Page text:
The case then proceeded on the counterclaim. Defendant withdrew all of its claims in the counterclaim except the request for a permanent injunction, asserting that plaintiffs continued to send prospective buyers to defendant. Because defendant refused to pay plaintiffs a referral fee or commission, the prospective purchasers would not receive the expected cash-back bonus. Defendant argued that as a result, prospective purchasers would believe that defendant, not plaintiffs, were engaging in misleading marketing practices.

On August 25, 2005, on motions for summary judgment, the trial court rejected defendant's request for a permanent injunction, and dismissed the counterclaim. Defendant appeals that decision.

On September 16, 2005, defendant moved for sanctions against plaintiffs and plaintiffs' former counsel, Peter W. Baker, pursuant to N.J.S.A. 2A:15-59.1 and Rule 1:4-8, contending that plaintiffs' complaint was frivolous. The motion against Baker was withdrawn due to his chapter 7 bankruptcy filing. In light of the prior unsuccessful litigation, the court found that "this is the kind of bad faith and harassing litigation which the frivolous litigation statute, N.J.S.A. 2A:15-59.1, as well as the sanctions Rule 1:4-8(b)(2) are intended to address." While defendant was seeking as a sanction $23,107, which represented its attorneys fees, the court imposed a sanction of $13,750. On appeal, plaintiff challenges the imposition of this sanction and also argues that if any sanction is imposed, it should be against plaintiffs' attorney and not the plaintiffs themselves.

IV.

We will first address plaintiffs' appeal of the sanctions. A litigant who brings a frivolous lawsuit may be required to pay the reasonable attorney fees and litigation costs incurred by the prevailing adversary. N.J.S.A. 2A:15-59.1(a)(1). A lawsuit is considered frivolous if it is brought in "bad faith, solely for the purpose of harassment, delay or malicious injury," or if the litigant knew or should have known that the claim "was without any reasonable basis in law or equity and could not be supported by a good faith argument for an extension, modification or reversal of existing law." Id. at 2A:15-59.1(b). The statute serves the dual purpose of deterring frivolous litigation and compensating the victims of such litigation. Toll Bros., Inc. v. Twp. of West Windsor, 190 N.J. 61, 67 (2007). This statute is read restrictively so that citizens will have free access to the courts. McKeown-Brand v. Trump Castle Hotel & Casino, 132 N.J. 546, 561-62 (1993). The statute should not be utilized to deter creative, honest advocacy. Ellison v. Evergreen Cemetery, 266 N.J. Super. 74, 85 (App. Div. 1993), certif. denied, 142 N.J. 516 (1995). "In approaching the issue of deterring baseless litigation, while not discouraging honest and creative advocacy, the focus is upon the objective reasonableness of the action of a party under the circumstances." Ibid.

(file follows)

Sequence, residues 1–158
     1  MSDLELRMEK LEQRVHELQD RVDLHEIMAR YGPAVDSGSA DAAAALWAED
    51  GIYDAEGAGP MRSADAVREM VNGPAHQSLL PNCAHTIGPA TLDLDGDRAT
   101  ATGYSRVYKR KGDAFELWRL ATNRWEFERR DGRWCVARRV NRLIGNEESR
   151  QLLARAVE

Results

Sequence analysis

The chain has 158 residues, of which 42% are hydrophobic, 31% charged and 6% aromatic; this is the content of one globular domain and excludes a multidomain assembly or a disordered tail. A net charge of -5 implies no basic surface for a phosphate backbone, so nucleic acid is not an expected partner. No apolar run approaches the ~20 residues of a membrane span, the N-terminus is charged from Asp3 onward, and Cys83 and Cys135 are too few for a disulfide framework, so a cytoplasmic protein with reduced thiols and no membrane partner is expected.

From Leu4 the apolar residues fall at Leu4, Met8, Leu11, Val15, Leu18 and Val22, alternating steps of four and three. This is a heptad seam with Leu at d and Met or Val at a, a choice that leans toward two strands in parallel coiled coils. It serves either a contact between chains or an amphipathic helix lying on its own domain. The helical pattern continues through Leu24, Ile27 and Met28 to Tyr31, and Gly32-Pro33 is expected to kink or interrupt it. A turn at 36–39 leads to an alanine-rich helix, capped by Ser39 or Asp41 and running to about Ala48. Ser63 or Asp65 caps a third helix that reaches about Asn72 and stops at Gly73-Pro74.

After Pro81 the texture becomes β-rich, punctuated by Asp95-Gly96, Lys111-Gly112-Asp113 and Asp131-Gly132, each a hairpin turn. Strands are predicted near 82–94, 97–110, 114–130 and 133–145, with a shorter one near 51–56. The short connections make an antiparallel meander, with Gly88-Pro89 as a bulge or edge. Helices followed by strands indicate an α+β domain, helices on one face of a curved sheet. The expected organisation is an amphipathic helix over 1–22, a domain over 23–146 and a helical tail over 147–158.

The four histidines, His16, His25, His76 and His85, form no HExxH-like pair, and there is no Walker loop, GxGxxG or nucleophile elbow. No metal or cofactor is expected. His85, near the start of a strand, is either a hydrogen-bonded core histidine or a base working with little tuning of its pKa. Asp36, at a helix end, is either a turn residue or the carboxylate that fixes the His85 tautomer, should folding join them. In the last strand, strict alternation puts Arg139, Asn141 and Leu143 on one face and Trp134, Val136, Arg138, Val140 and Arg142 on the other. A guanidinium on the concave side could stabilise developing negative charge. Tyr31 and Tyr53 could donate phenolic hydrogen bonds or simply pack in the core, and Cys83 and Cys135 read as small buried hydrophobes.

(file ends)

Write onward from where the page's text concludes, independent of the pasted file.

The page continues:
Prior to the commencement of this litigation, plaintiffs had brought two civil actions against another builder and two complaints before the Division based on the same theory; namely, that the builders had a legal duty to provide Tonge with the accommodation he requested for his disability. All of those actions terminated adversely to plaintiffs. As a result, plaintiffs had no objectively reasonable basis to believe that this lawsuit would be any more successful. Further, sanctions for frivolous litigation had been assessed against plaintiffs in one of those suits. While those sanctions were set aside because the application was not timely made, that case certainly put plaintiffs on notice that they were running the risk of sanctions if they brought another lawsuit under the same theory.

Here the sanctions were appropriately assessed against plaintiffs rather than their counsel. A client will not be sanctioned for frivolous litigation where the client relied in good faith on his attorney's faulty advice. See McKeown-Brand v. Trump Castle Hotel & Casino, supra, 132 N.J. at 563. Plaintiff Tonge, however, had proceeded pro se in the earlier litigation, and was aware of the unfavorable result of those cases as well as the earlier sanction for frivolous litigation. Assessing sanctions against plaintiffs was appropriate.